Published on 2014/06/05

Everyone’s a Winner With Strong Employer Partnerships

Everyone’s a Winner With Strong Employer Partnerships
The partnership between the federal Office of Personnel Management and UMUC has more benefits than simply expanding access to higher education for federal employees.
Co-written by Aric Krause | Vice Provost, University of Maryland University College and Matthew Prineas | Vice Provost, University of Maryland University College

Recently, the U.S. Office of Personnel Management (OPM) and the University of Maryland University College (UMUC) announced a first-of-its-kind alliance that will increase all federal employees’ access to high-quality and affordable education. UMUC will offer a 25-percent discount on out-of-state tuition rates on courses, certificates and most degree programs to all current federal employees, their spouses and their legal dependents. Those federal employees who live in Maryland already qualify for UMUC’s in-state tuition rate.

We are excited to support this venture. Our mission is already tightly linked to serving the military student population, and we view this new partnership as another way to serve the educational needs of our country. Like employers across the nation, the federal government has made employee education and development a high priority. This aligns with our belief that education should serve the needs of the students who are seeking career development.

To make sure that our courses and programs prepare students for current and future professional roles, we stay in close connection with employers so our academic programs are at the forefront of adult students’ educational needs. As one of the largest employers in the country, we see this connection with the OPM as a natural fit. The ongoing collaboration between federal subject matter experts and UMUC faculty and curriculum developers is an especially important feature of this alliance. Their work will ensure that our programs assist current and future federal employees to apply their knowledge to the public sector. We already build our curricula so that course content is presented in a variety of contexts, given that our graduates are likely to change jobs and industries frequently in their lifetime. An infusion of public sector examples, case studies and guest faculty will strengthen our across-the-board curriculum even more. Our learning assessments are designed to be real-world; if a student is learning to develop a marketing plan, the final assessment in the course might be a marketing plan for the student’s current organization. We will work with the subject matter experts from across the federal public service to help develop public-sector assessment options for our students.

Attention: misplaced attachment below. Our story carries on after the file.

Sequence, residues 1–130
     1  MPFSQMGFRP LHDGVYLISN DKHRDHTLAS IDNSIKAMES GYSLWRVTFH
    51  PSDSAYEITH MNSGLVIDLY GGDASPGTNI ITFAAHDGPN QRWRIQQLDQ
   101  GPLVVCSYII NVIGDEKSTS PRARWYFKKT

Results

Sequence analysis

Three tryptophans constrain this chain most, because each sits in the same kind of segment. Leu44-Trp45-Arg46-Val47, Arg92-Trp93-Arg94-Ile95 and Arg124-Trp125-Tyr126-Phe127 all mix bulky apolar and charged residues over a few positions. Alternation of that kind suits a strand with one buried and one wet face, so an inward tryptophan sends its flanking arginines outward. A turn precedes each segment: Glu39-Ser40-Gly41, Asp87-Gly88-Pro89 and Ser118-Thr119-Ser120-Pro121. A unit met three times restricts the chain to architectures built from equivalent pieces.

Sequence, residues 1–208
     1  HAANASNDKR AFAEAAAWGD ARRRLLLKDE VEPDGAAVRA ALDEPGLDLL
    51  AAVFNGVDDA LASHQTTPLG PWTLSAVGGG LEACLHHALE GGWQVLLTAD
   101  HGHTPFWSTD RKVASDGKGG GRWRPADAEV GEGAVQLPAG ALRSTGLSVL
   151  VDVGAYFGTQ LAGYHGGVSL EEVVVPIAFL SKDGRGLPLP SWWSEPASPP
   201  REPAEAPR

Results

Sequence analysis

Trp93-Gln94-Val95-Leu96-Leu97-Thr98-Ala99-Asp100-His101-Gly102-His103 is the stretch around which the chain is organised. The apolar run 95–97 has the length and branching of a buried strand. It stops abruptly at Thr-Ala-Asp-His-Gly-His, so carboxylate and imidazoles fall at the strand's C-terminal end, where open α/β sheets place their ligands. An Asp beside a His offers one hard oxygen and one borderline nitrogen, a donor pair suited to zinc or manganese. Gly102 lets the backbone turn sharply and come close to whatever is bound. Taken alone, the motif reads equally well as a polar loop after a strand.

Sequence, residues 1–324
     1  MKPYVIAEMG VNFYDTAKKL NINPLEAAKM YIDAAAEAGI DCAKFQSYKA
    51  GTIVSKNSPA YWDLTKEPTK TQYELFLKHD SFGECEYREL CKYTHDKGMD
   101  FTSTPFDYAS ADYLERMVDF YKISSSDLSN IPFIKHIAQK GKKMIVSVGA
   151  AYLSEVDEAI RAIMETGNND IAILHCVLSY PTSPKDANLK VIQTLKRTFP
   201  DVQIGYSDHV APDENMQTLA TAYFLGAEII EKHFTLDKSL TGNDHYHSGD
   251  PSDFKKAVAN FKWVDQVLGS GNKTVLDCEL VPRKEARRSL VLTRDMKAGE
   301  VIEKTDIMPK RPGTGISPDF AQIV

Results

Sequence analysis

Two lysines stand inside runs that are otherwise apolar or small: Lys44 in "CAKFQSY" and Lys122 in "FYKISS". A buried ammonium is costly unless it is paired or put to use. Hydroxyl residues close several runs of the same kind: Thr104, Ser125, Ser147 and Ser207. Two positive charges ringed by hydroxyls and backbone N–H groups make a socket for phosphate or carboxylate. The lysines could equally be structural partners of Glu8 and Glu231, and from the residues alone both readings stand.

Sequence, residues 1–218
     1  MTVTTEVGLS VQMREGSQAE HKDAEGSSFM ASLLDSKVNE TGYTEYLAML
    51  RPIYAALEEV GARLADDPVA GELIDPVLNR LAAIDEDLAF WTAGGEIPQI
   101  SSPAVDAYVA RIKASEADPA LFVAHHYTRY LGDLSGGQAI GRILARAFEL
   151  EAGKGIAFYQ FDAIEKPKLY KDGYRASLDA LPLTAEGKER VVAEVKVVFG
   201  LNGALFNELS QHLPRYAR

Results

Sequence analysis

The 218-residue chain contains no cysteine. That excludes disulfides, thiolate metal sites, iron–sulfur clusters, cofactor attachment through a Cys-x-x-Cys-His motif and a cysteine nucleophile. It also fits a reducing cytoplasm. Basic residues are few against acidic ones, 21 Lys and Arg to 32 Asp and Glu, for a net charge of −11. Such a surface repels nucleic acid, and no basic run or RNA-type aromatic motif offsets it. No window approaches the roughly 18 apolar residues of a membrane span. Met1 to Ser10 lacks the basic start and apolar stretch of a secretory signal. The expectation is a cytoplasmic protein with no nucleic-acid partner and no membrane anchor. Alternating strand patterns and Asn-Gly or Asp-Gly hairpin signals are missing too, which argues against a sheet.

While UMUC is ready to support OPM in its efforts to foster a high-performance federal workforce, we also view this as an opportunity for us to gain access to new knowledge, content and expertise that will enhance our curriculum. In addition, we hope to identify individuals in the federal sector who may be interested in teaching in our programs. We value scholar-practitioner faculty, and already have a number of individuals from the federal agencies and departments who teach for us. Our students highly value these content experts who also apply their knowledge everyday in real-world settings. The alliance with OPM will allow us to tap into new sources of teaching talent, even as we help to strengthen the federal government’s talent pipeline.

A good collaboration must always allow for mutual wins. We believe that the “wins” in the OPM/UMUC alliance are numerous for both sides. And at the end of the day, the students we serve through this alliance will be the real winners.

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Readers Comments

Belinda Chang 2014/06/05 at 12:04 pm

I wonder if this doesn’t have the potential to undermine students who aren’t looking to be streamed directly into federal government positions. I hope they can strike a balance between what the employers want and what the students need to have an education that will serve them whatever career path they choose.

    Ryan S 2014/06/11 at 4:09 pm

    I doubt this partnership would limit students. After all, so many of the skills that make a student job-ready are applicable across the board. Also the federal government is such a huge entity that it couldn’t possible get too specific with the things it requires of a program like this.

    At any rate, while I see the input of federal employees enriching non-training programs, I don’t see it overtaking standard course content.

Everett Newsome 2014/06/06 at 11:09 am

More organizations should take advantage of opportunities like this. Particularly with adult learners, so much of the impetus to go to school is to be trained to enter the workforce or change career paths immediately. It makes perfect sense to align the two goals-students who want jobs and employers who want highly trained workers.

Marie Cini 2014/06/18 at 4:56 pm

In reference to the first comment, I apologize if we were not clear. We are not changing the curriculum to be focused simply on public sector jobs. Instead, we are just ensuring that for case studies and other types of learning materials, we include public sector information. Examples tend to favor the private sector, and we simply hope to broaden students’ exposure to the public sector as well.

Marie Cini

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